October 18, 2006

On the indigenous frontline

'Whispering in the Giant's Ear' looks at Native challenge in BoliviaIt used to be referred to as Oblivia, a small landlocked country ruled by a typically corrupt elite. About three years ago, however, news from Bolivia started creeping toward the front pages of our press as large groups of Natives began to protest the longstanding discrimination against them. Since almost two-thirds of Bolivia’s population is composed of indigenous peoples, the largest of any country in the hemisphere, this movement is no small matter. Its main tactic was the nonviolent blockade of roads to and from the most important cities. It culminated in December of 2005 with the election of Evo Morales, the first indigenous head of state in Latin America.Comment:  As usual, Gandhi and ML King knew best. Score another victory for nonviolent action.


Not a Sioux said...

It's a mixed bag with Morales. On the other hand is his admiration of the Venezuelan dictator Chavez (yes, the man who banned radio stations from playing music that he didn't personally like) and plans to follow his lead in assuming significant personal power.

I understand that Morales simply does not have the political base in the government to assume a Chavez-like dictatorship. Hopefully, this will mean that the bad things he wants won't happen, but the good things will.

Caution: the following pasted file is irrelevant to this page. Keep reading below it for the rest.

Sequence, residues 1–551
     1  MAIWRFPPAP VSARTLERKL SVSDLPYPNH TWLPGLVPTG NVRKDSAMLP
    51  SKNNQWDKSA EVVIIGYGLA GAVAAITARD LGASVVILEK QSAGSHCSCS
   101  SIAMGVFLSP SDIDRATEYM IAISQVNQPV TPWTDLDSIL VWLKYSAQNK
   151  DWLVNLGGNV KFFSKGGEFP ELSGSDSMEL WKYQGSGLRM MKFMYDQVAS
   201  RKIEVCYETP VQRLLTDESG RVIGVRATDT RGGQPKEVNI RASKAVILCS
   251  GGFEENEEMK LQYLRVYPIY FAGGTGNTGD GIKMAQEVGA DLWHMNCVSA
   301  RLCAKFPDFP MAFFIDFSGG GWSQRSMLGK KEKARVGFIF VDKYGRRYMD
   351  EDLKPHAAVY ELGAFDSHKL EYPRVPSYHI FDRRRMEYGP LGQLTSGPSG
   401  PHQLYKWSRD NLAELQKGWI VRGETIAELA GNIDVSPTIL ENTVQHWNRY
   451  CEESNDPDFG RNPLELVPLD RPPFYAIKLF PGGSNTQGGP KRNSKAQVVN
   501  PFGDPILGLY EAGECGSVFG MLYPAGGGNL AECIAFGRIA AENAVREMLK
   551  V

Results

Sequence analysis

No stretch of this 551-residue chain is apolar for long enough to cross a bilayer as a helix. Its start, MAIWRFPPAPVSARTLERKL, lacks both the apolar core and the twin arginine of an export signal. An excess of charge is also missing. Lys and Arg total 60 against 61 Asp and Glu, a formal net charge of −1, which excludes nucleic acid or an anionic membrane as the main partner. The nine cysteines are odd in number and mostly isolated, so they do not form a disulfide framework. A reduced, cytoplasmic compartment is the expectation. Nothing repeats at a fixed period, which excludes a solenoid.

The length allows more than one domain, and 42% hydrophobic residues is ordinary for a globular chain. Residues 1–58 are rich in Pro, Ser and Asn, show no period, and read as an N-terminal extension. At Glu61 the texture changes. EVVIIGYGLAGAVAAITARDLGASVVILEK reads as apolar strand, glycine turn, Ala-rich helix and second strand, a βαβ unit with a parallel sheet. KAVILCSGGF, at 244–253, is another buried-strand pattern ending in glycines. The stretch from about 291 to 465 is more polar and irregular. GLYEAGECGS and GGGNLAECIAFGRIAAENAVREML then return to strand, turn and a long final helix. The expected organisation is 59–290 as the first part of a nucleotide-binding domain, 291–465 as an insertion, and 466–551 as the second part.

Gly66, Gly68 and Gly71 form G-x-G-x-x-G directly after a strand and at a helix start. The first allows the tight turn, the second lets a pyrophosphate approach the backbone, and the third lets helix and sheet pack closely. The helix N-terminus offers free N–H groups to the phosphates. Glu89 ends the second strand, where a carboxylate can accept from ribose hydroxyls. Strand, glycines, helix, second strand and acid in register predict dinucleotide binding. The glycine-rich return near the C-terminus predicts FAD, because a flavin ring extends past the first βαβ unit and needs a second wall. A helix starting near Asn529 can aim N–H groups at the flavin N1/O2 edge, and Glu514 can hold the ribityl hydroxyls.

Rob said...

Morales is just an individual. He won't be around forever. I'm more interested in the grassroots indigenous movement as it confronts the forces of globalization.

Not a Sioux said...

Looking at your page, I'm very strongly in favor of globalism that you call "narrowly conceived".

There won't be grasroots anything in Bolivia if Morales follows the model set forth by Castro.

Rob said...

Well, Morales isn't a dictator yet.

I was quoting someone on globalism, but I tend to agree. The narrowly conceived version of globalization is probably better than the expansive version.

writerfella said...

Writerfella here --
Hmm, wonder what the chances are for a 'South Africa'-type outcome? But then again US interests would not be served by a Nicaraguan Contra situation either.
All Best
Russ Bates